To the Editor:
Within the next few weeks, students across our state will be heading back to school. This means that thousands of them will be traveling to school on the school bus. School buses are some of the largest vehicles on our roadways, driven by some of the most highly trained driving professionals. With the back to school season approaching, I feel it would be a good time to remind the motorists of our state of the laws and procedures of driving near a school bus.
The lights on a school bus mean the same as they do on a traffic signal: flashing amber means the bus is preparing to stop, flashing red means stop. A school bus driver will activate their amber warning lights at least two hundred and fifty feet prior to bringing the bus to a stop to pick up or drop off students. Any motorist near a bus who sees flashing amber lights should be aware that the bus is approaching a stop and should be prepared to stop. This applies to traffic traveling in both directions, unless the roadway is divided by a grass or concrete median. Once the door of the bus is opened the red lights will activate and the stop sign will extend. Students will be loading or unloading from the bus and may be crossing in front of the bus. If the bus has a monitor, they will be checking the danger zones of the bus to ensure that no student or object is in them. This process takes time! Motorists should remain stopped until all red lights on the bus have switched off, the stop sign has retracted, and the bus has reentered traffic. It is illegal to pass a stopped school bus, and motorists that are caught by the police can be subject to a hefty fine and possibly the loss of their driver’s license.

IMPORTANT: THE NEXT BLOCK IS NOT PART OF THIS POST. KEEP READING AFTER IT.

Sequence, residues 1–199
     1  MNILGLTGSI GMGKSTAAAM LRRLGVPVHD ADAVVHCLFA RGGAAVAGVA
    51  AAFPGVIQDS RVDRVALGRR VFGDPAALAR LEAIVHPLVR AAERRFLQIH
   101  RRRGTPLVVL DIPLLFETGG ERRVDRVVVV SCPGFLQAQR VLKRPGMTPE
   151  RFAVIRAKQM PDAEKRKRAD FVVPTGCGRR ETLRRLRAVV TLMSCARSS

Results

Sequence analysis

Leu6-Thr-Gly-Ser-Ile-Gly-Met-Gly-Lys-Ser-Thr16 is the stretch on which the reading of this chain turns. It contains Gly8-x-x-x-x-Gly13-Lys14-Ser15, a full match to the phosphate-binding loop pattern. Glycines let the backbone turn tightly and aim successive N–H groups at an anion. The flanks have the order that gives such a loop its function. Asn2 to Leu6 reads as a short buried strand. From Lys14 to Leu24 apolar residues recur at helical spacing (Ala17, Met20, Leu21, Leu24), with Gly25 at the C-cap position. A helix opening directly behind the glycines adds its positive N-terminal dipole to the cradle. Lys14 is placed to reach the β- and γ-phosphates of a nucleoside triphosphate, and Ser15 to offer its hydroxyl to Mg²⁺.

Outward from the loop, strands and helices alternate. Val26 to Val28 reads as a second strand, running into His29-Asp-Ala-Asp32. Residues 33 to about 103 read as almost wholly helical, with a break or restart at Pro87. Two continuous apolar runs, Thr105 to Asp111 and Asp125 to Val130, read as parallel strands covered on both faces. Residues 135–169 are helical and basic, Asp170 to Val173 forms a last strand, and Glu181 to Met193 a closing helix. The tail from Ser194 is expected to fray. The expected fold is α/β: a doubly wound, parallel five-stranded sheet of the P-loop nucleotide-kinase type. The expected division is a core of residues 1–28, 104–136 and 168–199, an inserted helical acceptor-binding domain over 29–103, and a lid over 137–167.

The average school bus is approximately forty feet long, eight feet wide, and weighs approximately sixteen tons empty. They require a lot of space to maneuver, turn, and most importantly stop. School bus drivers are trained to leave at least four seconds of space in front of the bus to give the bus plenty of room to stop safely. Everyone should be considerate of this and not enter that safety cushion suddenly, especially when it is raining or snowing. We should also be considerate and give them plenty of space to safely turn; as buses turn widely and have a tail swing.
School buses in Rhode Island have a maximum speed limit of 35 miles per hour on residential roads (or the posted speed limit if it is lower) and 45 miles per hour on the highway. They are required to stop at all railroad crossings. No one should ever tailgate a school bus and be courteous of the professional drivers carrying our state’s most precious cargo, obeying the traffic laws they are required to follow.
Please remember this information the next time you see a school bus. A child’s life may depend on it!
The author is a school bus driver in Middletown.